Today was the end of my second week back out in the gardens at Seed Savers Exchange. I had spent the day driving a truck all over muddy roads on the 1000 acre farm. It was a beautiful day. The grass was greening up, trees were budding and the sun was finally making an appearance after all this rain and gloom we’ve been having out here in Iowa. There were so many reasons why it was a good day but the best days end with a funny story and boy, did I have one today.
While parking the truck at the end of the day, I had my arms full of gear and went to reach for some poles that were in the bed of the truck when I lost my footing and started to trip. I almost caught my footing about three times in a row, which I am sure only added to the ridiculousness of my situation. I faced the facts and just let gravity have her way with me. I did about 2 or 3 revolutions as I rolled down the small embankment that the truck gets parked on. I just laid there in the muddy gravel laughing. It all happened so fast but the funniest part to me was that while I was mid tumble, the song “Roll With It” by Steve Winwood (link) was playing in my head. Anyway, tragedy in my little tumble was that no one was there to witness it.
On a side note, one of my top choices for supper power would be to have “Appropriate Theme Music” play at important, awe inspiring, or exceptionally comical moments in my life. It could be awesome and a great thing for all mankind!
While working in both the preservation and commercial side of seed savers, I’ve been blessed with lots of free garlic. An abundance of something free has forced me once again to seek culinary inspiration, so that I can get rid of the stuff before it goes bad. There is really not too much to this recipe, but I’ve been slowly perfecting the recipe for the past few months (admittedly, I have not been working diligently at the task). The first attempt was more of your run-of-the-mill plain old roasted garlic. My second attempt, I stepped it up a notch for a church potluck and added sour cream and parmesan cheese to the roasted garlic. On the third attempt, I went all out for a potluck and a friend’s house and add sautéed mushrooms and artichoke hearts to the recipe. I also took the leftovers to share with everyone at work and I had a few people ask for the recipe so I decided to post it.
- Roasted Garlic
- Olive oil
- Artichokes hearts (about 1 can, coarsely chopped)
- Mushrooms, minced and sautéed in butter or olive oil
- Shredded parmesan Cheese
- 1-2 spoonfuls of Sour Cream
- Sea Salt & Pepper (to taste)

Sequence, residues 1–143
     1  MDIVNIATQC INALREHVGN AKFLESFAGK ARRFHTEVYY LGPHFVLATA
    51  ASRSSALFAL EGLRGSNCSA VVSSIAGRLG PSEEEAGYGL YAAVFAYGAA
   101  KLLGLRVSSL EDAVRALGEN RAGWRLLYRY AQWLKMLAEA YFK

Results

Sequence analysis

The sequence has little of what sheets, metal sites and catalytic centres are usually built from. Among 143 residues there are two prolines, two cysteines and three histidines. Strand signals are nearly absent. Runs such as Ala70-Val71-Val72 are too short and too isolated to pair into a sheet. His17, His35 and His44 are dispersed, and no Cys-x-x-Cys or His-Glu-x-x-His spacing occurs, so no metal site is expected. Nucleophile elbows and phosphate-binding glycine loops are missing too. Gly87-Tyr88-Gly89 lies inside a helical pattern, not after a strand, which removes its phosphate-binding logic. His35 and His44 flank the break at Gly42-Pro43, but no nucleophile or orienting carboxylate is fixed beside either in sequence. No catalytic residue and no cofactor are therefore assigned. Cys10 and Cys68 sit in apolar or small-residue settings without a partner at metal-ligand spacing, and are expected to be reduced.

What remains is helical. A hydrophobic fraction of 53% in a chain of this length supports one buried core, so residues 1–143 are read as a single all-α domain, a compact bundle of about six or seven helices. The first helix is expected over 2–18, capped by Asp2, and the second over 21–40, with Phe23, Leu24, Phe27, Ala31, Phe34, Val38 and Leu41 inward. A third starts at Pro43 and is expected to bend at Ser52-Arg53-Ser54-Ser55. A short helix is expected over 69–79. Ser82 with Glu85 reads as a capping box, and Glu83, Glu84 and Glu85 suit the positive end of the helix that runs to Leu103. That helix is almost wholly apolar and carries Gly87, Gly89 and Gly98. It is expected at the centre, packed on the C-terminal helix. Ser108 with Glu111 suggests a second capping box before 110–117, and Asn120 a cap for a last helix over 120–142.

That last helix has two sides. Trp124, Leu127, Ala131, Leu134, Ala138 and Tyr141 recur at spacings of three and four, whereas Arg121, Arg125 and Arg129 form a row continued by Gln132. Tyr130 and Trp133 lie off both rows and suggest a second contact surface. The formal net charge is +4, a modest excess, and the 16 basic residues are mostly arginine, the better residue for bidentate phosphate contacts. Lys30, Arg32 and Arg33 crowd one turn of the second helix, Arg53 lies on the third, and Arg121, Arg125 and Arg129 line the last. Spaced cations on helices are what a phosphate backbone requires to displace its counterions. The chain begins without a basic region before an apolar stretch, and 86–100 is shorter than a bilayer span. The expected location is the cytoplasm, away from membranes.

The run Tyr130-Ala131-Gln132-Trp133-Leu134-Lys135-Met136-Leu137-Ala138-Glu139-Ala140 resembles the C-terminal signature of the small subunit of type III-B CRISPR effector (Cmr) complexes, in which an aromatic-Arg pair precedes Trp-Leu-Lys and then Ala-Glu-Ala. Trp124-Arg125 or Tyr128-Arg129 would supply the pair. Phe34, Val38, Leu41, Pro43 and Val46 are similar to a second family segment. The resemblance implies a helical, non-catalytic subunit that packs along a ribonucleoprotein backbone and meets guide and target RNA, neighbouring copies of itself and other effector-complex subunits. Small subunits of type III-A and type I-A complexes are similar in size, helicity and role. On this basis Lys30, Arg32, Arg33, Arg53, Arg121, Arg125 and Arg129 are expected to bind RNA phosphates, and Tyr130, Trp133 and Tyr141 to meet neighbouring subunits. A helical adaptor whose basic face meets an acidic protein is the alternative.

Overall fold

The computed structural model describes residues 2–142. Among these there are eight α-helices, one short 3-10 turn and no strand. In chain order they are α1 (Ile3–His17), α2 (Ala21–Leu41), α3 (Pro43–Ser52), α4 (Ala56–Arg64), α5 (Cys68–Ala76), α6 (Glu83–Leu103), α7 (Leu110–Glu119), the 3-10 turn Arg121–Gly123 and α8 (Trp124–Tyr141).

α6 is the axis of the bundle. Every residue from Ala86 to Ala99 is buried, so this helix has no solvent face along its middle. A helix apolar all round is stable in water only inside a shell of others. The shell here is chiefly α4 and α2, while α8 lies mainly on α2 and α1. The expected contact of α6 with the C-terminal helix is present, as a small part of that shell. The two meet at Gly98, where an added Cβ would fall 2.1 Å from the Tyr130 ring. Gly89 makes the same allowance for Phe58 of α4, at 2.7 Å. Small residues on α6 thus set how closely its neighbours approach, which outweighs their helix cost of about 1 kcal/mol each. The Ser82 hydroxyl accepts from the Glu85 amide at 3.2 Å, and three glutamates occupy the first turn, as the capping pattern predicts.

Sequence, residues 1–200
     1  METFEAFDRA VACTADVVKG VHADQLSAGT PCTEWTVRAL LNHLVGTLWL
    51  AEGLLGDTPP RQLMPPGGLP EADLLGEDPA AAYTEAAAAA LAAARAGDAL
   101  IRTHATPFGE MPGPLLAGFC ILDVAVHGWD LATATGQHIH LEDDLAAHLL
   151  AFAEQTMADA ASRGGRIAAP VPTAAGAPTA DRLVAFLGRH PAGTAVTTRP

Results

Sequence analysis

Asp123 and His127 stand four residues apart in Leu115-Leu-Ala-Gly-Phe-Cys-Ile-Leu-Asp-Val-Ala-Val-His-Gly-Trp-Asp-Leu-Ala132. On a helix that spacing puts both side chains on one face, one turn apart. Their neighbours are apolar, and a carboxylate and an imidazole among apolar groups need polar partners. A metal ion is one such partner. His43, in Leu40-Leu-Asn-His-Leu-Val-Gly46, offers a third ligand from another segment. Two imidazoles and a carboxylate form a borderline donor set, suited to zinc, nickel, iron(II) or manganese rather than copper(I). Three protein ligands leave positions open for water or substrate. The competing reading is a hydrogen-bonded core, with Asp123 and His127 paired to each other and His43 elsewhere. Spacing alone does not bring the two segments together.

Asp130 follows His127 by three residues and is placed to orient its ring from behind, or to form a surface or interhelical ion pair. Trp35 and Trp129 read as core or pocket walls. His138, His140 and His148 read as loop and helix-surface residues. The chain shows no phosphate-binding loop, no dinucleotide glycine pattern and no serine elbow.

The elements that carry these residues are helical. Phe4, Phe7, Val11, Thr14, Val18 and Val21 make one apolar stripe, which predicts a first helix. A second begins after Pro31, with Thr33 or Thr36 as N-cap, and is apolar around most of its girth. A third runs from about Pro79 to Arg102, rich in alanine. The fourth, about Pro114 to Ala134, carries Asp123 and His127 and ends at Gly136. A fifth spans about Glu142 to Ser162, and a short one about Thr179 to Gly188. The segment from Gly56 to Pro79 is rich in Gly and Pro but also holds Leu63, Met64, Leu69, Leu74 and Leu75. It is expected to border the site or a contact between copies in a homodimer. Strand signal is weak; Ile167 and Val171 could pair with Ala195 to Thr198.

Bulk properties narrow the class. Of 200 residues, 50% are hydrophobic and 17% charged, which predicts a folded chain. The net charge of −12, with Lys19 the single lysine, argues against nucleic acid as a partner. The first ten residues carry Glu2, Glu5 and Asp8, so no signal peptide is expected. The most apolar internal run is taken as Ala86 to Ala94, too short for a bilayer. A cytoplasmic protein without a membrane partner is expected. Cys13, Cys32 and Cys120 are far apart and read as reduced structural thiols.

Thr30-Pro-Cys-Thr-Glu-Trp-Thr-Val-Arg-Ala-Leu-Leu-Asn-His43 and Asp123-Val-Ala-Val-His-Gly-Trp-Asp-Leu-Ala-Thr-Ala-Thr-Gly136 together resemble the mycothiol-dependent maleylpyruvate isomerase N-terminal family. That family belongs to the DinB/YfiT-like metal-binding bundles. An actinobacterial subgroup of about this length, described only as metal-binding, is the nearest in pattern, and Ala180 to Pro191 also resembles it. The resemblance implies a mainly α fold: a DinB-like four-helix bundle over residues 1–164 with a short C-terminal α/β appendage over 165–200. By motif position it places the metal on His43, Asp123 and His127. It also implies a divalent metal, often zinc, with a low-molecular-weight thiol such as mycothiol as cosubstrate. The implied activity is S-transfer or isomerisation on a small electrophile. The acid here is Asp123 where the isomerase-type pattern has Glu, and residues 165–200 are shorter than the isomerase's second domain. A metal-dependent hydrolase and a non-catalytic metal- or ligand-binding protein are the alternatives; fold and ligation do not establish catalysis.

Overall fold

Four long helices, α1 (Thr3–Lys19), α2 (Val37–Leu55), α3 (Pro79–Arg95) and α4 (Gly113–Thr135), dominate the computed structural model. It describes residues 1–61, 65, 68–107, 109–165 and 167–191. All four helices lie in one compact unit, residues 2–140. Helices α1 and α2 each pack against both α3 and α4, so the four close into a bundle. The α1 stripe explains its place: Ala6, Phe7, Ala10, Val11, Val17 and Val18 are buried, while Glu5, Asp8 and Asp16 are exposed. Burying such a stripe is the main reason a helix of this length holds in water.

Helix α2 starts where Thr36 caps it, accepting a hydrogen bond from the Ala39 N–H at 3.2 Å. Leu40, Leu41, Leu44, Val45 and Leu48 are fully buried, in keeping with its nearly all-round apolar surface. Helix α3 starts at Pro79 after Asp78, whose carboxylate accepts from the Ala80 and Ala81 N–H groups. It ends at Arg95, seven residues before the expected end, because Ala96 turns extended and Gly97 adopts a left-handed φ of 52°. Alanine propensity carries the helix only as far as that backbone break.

First step is to roast the garlic. You can do this using whatever method you prefer. I have been peeling the garlic by hand before roasting, mostly because I have been using leftover garlic from work, which has the occasional rotten clove so roasting the whole clove in this case, not optimal.
Tip: A friend from work showed me a really fast way to get the skins off the cloves using salt and a bowl, jar, or any container with a lid. Just separate the cloves from a couple of heads of garlic and put them in the bowl or jar and sprinkle with 1-2 spoonfuls of salt. Put the lid on the container and shake vigorously for a minute or so. The majority of the skinks will come off and congregate at the top so that you can just pull them out. Any skins still left on the clove can be easily removed by hand.
I roast the garlic by putting approx. 1 quart of garlic (you can use more or less garlic depending on how large or strong of a batch you want to make) in a glass container. Drizzle garlic with olive oil and cover with aluminum foil (or a lid). Place in the oven at 275-325 degrees F until the cloves are soft enough to mash easily with a fork. If you would like the dip to be a bit more on the spicy pungent side don’t overcook them, but if you want it to be slightly mild and sweet, than leave the cloves in the oven for just a little bit longer until they get slightly caramelize.
Mash roasted garlic until the texture suits you and let it cool (just until it is not scolding hot). Add sautéed mushrooms, chopped artichokes, sour cream, and parmesan cheese in a ratio that suites your personal fancy. Then add salt and pepper to taste. The salt really enchases and blends the flavors together, so I usually make sure to add the salt as I go along. Otherwise I’ll stand there thinking it needs more cheese or sour cream but really it just needs more salt to bring everything together. You can serve with it with fancy crackers or sometimes I use it as a spread on my sandwich.